Liam Durcan is the Neurologist-in-Chief at the Montreal Neurological Hospital and Clinical Director of Neurology at the McGill University Health Centre. He is also the author of the novel Garcia’s Heart and a book of short stories, A Short Journey by Car.
I asked Durcan about the relationship between narrative and neurology. Here is part of the wide-ranging conversation that followed.
Liam Durcan - I guess I approach it in a few different ways. As a neurologist I am interested in the generation of narrative, that is, in the neurobiological mechanisms—the language areas plus the emotional part of the brain plus the frontal lobes—that together generate some sort of sequential order out of things. I find that just fascinating in terms of narratives and disordered narratives that we see in neurology. For example, you can have perfect language function and good recall but if your frontal lobes aren’t working, it is sometimes quite difficult to be able to relay history in an organized way. You see that in some patients with frontal temporal lobe dementia.
Also, as a physician the way into any problem is through narrative. You realize fairly early on that you are in the process of translation: translation of the patient’s experience into their history. There can be multiple parallel histories and then you translate that into the history for the medical record, history that you will base investigations, diagnosis, and prognosis on. I think you gain either an explicit or implicit reverence for narrative. Some people have said that it’s on the wane, that we are relying more on technology. There’s a joke that the only question you really have to ask people now is “Do you have any metal in your body?” because you need to ask that before you get into an MR. I can understand that but it’s not just about having the tools but appropriately using them. Not only is narrative important to become an effective clinician in terms of getting the right diagnosis and applying medical technology properly, but I also think it’s probably a key step in the development of empathy.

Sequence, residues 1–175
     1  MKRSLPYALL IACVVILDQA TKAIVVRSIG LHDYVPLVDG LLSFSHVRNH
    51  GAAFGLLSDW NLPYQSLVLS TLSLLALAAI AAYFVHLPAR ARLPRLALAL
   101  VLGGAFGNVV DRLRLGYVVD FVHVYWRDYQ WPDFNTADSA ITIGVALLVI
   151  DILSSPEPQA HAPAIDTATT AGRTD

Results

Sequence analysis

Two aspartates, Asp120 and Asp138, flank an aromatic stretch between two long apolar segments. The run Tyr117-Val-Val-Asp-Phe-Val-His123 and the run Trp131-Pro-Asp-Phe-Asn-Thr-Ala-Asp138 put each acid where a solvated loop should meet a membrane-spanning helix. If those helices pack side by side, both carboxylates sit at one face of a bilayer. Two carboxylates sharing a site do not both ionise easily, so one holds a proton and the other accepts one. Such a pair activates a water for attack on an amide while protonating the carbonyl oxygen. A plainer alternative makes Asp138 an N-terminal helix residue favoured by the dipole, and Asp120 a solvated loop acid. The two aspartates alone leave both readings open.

MST - It strikes me that narrative is probably still more important in neurology than it is perhaps in other medical fields.